Oh, come on!! How is this a gender discrimination issue? I'm a woman and I
didn't want to stink at work. But neither did my guy friends. Seriously! It
is a choice, not discrimination. I learned to ride a bike in the 1960s and have
seldom felt pressured not to use it because I was a female. On the other hand,
it is an established fact that women have more caution built into their brains
than men and that doesn't level out until men are in their late 20's.
So it is logical that women have a different perception of the risks involved.
Good for them. They will be safer bikers. I'd like to see more women
biking, but I don't think that something needs to get "fixed" to
make biking more woman friendly. (Yup, I had other lady friends who biked and
change clothes and did hair when they arrived). Women, just do it!! You
don't want to be considered cheated. So just take the initiative if it is
important to you.
I’m on the other end of this argument. I despise bicyclists on the roads.
They blow through lights, cut in front of me, ride outside the lane (I know
it’s thorny boo hoo), ride two or three across on two lane roads, and have
even caused me to nearly hit a biker because they jetted out around another
biker while I was towing a boat and nearly crashed into me! Bikers should not
be on the roads above a 25 mph speed limit. If you can’t ride the limit
and stay in your bike lane, stay off the road no matter what gender you are...
I am a female cyclist who would LOVE to bike to work, but with no facilities to
do hair and makeup, let alone shower or change, it's really not an option.
It's really not about vanity, but about what is socially acceptable. I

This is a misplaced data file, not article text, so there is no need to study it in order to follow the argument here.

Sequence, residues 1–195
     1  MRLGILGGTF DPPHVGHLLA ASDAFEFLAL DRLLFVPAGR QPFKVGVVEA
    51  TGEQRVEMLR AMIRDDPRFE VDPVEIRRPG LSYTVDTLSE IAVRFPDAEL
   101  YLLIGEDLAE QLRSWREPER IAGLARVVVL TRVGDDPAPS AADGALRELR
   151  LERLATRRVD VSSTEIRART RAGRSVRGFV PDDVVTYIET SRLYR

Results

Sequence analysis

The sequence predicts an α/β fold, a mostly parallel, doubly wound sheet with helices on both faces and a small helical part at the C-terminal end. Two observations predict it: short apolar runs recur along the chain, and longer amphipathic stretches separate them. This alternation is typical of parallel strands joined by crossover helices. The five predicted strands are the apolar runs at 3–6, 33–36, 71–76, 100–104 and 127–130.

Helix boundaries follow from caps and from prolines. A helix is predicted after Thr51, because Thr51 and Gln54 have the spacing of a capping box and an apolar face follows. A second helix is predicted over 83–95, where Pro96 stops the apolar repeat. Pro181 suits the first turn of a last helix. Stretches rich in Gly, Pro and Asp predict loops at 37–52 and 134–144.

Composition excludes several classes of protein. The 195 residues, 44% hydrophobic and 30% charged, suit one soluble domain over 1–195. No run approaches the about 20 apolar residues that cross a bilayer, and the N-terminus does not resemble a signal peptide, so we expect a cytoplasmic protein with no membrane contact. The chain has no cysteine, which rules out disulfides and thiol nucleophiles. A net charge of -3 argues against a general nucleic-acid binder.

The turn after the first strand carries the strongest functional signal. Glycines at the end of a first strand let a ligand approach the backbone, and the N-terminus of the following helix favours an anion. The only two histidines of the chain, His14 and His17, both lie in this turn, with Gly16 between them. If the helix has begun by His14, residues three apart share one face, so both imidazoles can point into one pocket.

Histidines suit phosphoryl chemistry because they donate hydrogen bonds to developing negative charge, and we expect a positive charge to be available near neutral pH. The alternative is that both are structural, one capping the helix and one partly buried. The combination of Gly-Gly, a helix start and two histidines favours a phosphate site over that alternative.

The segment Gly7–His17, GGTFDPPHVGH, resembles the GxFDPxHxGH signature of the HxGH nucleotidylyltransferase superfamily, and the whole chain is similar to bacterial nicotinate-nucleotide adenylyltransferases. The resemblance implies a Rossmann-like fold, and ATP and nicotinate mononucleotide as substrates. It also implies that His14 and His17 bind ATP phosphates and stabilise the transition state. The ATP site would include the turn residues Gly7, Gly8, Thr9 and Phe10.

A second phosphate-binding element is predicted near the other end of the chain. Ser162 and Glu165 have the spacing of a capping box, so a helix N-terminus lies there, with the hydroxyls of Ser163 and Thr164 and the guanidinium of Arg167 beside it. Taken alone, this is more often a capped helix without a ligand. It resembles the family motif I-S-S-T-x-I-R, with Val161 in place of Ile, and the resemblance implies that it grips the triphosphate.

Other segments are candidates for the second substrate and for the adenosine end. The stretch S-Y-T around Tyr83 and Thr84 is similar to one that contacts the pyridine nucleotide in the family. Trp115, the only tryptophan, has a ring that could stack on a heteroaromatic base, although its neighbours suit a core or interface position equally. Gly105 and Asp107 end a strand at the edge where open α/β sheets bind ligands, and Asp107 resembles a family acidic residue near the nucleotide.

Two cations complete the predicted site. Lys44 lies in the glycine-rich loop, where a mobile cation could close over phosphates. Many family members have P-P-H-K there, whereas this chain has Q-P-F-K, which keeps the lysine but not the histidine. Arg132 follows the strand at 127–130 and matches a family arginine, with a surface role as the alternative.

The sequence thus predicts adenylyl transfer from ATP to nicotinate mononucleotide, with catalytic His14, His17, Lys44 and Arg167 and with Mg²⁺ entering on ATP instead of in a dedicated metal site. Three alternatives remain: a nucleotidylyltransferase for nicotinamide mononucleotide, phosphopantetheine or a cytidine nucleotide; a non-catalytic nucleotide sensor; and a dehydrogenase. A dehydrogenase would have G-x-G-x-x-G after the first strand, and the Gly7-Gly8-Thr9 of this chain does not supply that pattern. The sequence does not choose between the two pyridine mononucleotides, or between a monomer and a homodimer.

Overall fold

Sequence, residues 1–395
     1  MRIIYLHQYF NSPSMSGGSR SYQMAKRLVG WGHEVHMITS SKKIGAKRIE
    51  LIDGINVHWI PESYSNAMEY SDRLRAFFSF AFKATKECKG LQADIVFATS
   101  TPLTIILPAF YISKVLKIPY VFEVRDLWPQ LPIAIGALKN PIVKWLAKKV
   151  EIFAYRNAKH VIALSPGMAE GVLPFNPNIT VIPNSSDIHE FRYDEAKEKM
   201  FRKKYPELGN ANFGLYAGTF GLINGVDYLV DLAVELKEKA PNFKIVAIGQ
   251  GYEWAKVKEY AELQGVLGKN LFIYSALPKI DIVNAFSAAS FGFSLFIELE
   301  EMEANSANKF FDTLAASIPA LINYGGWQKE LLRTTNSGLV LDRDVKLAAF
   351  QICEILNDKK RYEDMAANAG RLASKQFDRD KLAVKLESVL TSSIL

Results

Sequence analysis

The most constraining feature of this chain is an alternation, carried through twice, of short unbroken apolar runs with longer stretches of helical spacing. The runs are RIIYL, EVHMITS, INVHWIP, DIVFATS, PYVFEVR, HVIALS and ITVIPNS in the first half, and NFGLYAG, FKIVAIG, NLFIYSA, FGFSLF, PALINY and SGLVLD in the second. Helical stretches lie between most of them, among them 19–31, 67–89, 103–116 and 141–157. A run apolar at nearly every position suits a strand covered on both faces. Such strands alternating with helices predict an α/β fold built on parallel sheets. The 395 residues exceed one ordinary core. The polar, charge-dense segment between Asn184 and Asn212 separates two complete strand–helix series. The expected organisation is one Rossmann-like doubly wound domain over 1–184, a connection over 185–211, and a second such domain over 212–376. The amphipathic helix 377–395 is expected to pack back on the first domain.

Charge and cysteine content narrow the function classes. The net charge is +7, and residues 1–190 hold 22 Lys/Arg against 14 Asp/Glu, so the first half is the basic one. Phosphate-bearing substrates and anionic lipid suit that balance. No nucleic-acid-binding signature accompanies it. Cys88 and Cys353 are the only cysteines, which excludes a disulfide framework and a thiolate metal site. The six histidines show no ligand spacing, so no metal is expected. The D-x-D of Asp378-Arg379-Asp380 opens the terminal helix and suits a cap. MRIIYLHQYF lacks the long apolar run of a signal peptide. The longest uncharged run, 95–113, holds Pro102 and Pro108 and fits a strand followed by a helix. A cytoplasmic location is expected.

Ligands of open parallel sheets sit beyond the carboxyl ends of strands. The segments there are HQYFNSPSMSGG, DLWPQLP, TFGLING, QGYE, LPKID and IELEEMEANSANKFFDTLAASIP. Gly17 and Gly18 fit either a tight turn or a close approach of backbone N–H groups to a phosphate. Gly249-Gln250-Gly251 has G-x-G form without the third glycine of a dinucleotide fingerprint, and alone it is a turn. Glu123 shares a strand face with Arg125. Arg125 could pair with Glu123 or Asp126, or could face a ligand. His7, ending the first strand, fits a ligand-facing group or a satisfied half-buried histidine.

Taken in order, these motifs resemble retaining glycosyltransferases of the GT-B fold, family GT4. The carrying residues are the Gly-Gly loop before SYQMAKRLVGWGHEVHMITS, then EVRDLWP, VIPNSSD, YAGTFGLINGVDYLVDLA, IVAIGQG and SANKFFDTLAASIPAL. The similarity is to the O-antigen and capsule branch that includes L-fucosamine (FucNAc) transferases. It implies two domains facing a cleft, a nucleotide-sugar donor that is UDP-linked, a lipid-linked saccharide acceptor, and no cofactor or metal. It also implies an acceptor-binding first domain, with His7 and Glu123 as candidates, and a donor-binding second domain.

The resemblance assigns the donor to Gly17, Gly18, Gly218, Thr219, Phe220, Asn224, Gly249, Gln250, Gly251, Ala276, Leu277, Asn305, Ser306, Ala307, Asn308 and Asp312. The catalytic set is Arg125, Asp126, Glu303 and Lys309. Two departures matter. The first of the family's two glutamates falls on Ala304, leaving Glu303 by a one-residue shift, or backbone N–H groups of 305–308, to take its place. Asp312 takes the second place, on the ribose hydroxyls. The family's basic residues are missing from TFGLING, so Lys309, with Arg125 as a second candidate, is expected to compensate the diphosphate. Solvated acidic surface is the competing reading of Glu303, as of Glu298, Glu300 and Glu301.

can't walk around the office and appear professional with wet hair, which
is what happens when I sweat. If someone could figure out a product that would
keep my head safe and my head dry when I ride, it would give me more options.
I used to ride a bike to work until a bus ran a red light and almost hit me. I
gave up riding on the road after that.
I love this article, and I think the amount of sexist comments that have
resulted from it serve as evidence that this is a problem. I have biked to work
(and biked everywhere, it was my only form of transportation) in Provo for 5
years and I loved it. And no, my hair getting messed up did not stop me from
biking........ But I have often felt unsafe biking for other reasons-
namely things like a lack of bicycle lanes, and not knowing enough about bike
repairs. I love seeing all the classes, social rides, and programs geared
towards women to empower them and give them a chance to continue to advance
Suppose we charge a fee (say, $20.00) for each time a man rides a city bike
lane, or perhaps it could be based on distance like on the toll roads. We
could then use the money to pay women to ride the same lanes. The greater
distance a woman rides, the more she's paid. Fair enough?
worf: "Time for regulations to even out bike commuting.
Discrimination?Why are women denied the right to ride bikes?Who sits
around and think up these things?Sounds like more liberal rubbish!"Sheesh, the snowflakes are out today! You'd better not get on a
bike, you might melt.
Everyone telling women what to do. Let freedom ring.
It's funny we never see articles advocating for the need for more women
putting up power lines, roofing, or plumbing.No, "equality"
for women never include dirty, difficult, or dangerous jobs.
Who sits around and think up these things?Sounds like more liberal
I have been a bike commuter for the last 12 years and 40,000 miles. As a bike
commuter, you have to put up with a little "I don't care" in the
way you are "put together" when at work. I'm not sure women have
the ability to put up with the "I don't care factor" as well as men
As a avid bicycle rider, I road my bicycle every day and on weekends, I would